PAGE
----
For those cloud apps that are already in use but really should come under IT’s administrative control, survivors find a way to gently assume control. A survivor in the biotech industry jokingly calls this the “administrator amnesty program.” When it comes to determining who has access and can grant permissions in business-critical apps, there’s real value to having centralized administrative control. And

in many cases, the business is hoping IT will take an administrative role to decrease the strain on their personnel. But when the business remains the administrator, IT can still enforce policies using a cloud security solution. Next step: Identify the administrators of your most business-critical or risky cloud apps. Work with them to assume administrative control or at least gain visibility and control via a cloud security solution.

10. Coach users.

This is a continuation from the first point on this checklist:

communicate. Great survivors never stop communicating. Even after a policy has been implemented, survivors coach users on proper cloud service usage through splash pages and taps on the shoulder. They also give users a chance to talk back! Here’s a good example: A survivor in the telecom industry put voting buttons on his company’s corporate app store so users can vote up/down their favorite apps (in-house and third party).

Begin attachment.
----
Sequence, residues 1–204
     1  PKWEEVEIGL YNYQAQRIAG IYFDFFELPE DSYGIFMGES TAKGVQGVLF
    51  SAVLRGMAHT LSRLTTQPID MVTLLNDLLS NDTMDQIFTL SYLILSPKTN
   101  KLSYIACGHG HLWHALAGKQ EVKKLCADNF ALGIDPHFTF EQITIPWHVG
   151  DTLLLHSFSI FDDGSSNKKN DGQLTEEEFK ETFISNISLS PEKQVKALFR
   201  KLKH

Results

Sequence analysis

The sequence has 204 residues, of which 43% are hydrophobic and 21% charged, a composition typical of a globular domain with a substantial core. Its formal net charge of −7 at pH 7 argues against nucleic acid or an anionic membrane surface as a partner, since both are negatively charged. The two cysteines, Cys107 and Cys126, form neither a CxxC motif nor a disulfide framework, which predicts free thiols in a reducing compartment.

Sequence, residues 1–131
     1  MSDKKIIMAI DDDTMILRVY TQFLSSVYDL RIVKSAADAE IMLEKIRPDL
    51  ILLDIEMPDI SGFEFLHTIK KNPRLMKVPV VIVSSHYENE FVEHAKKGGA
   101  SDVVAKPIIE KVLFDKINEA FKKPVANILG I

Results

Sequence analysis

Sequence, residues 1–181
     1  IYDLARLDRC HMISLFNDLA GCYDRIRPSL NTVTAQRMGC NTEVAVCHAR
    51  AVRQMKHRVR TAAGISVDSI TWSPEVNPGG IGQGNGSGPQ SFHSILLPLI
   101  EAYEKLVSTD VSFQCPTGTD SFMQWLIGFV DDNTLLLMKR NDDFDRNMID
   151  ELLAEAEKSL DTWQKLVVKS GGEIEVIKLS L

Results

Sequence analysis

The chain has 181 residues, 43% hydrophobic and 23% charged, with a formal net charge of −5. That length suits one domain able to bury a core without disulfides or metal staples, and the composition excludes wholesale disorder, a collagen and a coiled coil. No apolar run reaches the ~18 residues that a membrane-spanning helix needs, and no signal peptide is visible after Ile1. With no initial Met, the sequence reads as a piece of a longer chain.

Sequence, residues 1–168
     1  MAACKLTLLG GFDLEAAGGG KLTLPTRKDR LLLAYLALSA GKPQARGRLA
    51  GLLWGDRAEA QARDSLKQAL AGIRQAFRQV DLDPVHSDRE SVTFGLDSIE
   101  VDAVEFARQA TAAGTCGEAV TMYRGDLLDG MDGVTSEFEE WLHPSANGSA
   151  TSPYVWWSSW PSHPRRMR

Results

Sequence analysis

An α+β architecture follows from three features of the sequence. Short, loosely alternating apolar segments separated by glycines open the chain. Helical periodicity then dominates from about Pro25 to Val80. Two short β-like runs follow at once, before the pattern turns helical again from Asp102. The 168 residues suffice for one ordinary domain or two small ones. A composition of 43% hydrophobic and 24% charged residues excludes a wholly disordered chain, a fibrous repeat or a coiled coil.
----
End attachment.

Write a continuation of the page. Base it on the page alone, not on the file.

What a great way to convey trust and transparency. Next step: For every policy you enforce that alters the user experience, take the opportunity to coach users by creating a customized splash page that tells them (in a plainspoken or even conversational way) why their activity has been blocked. Better yet, give them an action item (like a link to sign up for the sanctioned version of the cloud service they’re attempting to use or a way to provide feedback).


 About Netskope 

Netskope™  is the leader in cloud app analytics and policy enforcement. Only Netskope eliminates the catch-22 between being agile and being secure and compliant by providing complete visibility, enforcing sophisticated policies, and protecting data in cloud apps. The Netskope Active PlatformTM performs deep analytics and lets decision-makers create policies in a few clicks that prevent the loss of sensitive data and optimize cloud app usage in real-time and at scale, whether IT manages the app or not. With Netskope, people get their favorite cloud apps and the business can move fast, with confidence.

Netskope is headquartered in Los Altos, California. Visit us at www.netskope.com follow us on Twitter @Netskope.


Notify of
Inline Feedbacks
View all comments